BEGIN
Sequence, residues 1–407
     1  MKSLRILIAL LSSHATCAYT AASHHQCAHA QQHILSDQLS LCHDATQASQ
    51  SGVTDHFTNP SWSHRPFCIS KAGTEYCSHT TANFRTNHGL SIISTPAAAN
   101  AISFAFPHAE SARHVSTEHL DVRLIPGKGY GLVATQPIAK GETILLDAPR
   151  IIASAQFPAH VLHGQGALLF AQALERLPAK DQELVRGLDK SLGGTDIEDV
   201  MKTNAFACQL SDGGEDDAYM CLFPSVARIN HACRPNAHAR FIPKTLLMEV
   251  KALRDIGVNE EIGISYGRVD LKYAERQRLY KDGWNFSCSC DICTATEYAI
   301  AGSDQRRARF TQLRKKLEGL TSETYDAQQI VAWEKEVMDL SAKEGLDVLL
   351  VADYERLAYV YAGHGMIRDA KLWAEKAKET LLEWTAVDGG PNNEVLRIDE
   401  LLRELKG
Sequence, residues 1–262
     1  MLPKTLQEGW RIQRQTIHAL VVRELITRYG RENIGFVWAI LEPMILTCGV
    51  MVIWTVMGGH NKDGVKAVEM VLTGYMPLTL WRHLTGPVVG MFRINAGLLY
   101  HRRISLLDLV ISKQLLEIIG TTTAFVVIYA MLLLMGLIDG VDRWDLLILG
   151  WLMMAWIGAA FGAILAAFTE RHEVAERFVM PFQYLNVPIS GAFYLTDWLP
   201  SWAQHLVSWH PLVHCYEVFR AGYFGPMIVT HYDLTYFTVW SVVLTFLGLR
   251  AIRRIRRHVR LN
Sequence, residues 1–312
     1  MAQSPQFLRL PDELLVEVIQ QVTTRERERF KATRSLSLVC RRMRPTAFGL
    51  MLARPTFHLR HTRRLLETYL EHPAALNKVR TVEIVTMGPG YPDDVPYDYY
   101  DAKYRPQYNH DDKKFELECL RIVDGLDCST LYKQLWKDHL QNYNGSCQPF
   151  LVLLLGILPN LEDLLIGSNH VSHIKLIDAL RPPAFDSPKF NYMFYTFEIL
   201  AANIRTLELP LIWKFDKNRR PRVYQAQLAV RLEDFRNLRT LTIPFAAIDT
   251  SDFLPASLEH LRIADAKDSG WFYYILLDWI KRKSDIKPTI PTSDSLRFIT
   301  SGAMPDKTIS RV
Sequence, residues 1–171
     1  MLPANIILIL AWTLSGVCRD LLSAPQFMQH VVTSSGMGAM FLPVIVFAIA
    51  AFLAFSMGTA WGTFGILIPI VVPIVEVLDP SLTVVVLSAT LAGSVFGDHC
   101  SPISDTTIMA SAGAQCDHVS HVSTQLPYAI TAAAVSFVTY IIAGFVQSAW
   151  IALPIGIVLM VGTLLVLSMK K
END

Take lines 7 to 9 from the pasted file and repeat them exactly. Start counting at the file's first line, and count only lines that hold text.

   251  KALRDIGVNE EIGISYGRVD LKYAERQRLY KDGWNFSCSC DICTATEYAI
   301  AGSDQRRARF TQLRKKLEGL TSETYDAQQI VAWEKEVMDL SAKEGLDVLL
   351  VADYERLAYV YAGHGMIRDA KLWAEKAKET LLEWTAVDGG PNNEVLRIDE